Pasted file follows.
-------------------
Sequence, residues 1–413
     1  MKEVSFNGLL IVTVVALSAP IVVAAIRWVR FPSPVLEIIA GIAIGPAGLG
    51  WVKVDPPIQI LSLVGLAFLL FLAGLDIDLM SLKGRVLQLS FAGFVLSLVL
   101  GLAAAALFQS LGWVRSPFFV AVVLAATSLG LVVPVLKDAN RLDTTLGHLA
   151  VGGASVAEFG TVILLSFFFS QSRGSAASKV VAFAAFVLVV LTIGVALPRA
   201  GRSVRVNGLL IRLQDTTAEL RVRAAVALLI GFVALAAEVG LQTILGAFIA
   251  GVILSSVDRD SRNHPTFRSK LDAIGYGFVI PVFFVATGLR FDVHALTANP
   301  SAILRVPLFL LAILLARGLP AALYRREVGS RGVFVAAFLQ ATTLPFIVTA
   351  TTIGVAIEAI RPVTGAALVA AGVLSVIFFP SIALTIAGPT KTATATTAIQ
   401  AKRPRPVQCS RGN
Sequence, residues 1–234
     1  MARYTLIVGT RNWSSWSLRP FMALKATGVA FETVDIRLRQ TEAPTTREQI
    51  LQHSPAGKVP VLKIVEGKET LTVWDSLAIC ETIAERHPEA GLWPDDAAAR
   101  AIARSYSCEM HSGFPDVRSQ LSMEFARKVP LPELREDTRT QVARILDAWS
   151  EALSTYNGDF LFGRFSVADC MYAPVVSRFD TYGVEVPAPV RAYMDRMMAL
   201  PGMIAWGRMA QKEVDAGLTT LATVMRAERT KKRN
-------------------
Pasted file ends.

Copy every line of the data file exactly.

Sequence, residues 1–413
     1  MKEVSFNGLL IVTVVALSAP IVVAAIRWVR FPSPVLEIIA GIAIGPAGLG
    51  WVKVDPPIQI LSLVGLAFLL FLAGLDIDLM SLKGRVLQLS FAGFVLSLVL
   101  GLAAAALFQS LGWVRSPFFV AVVLAATSLG LVVPVLKDAN RLDTTLGHLA
   151  VGGASVAEFG TVILLSFFFS QSRGSAASKV VAFAAFVLVV LTIGVALPRA
   201  GRSVRVNGLL IRLQDTTAEL RVRAAVALLI GFVALAAEVG LQTILGAFIA
   251  GVILSSVDRD SRNHPTFRSK LDAIGYGFVI PVFFVATGLR FDVHALTANP
   301  SAILRVPLFL LAILLARGLP AALYRREVGS RGVFVAAFLQ ATTLPFIVTA
   351  TTIGVAIEAI RPVTGAALVA AGVLSVIFFP SIALTIAGPT KTATATTAIQ
   401  AKRPRPVQCS RGN
Sequence, residues 1–234
     1  MARYTLIVGT RNWSSWSLRP FMALKATGVA FETVDIRLRQ TEAPTTREQI
    51  LQHSPAGKVP VLKIVEGKET LTVWDSLAIC ETIAERHPEA GLWPDDAAAR
   101  AIARSYSCEM HSGFPDVRSQ LSMEFARKVP LPELREDTRT QVARILDAWS
   151  EALSTYNGDF LFGRFSVADC MYAPVVSRFD TYGVEVPAPV RAYMDRMMAL
   201  PGMIAWGRMA QKEVDAGLTT LATVMRAERT KKRN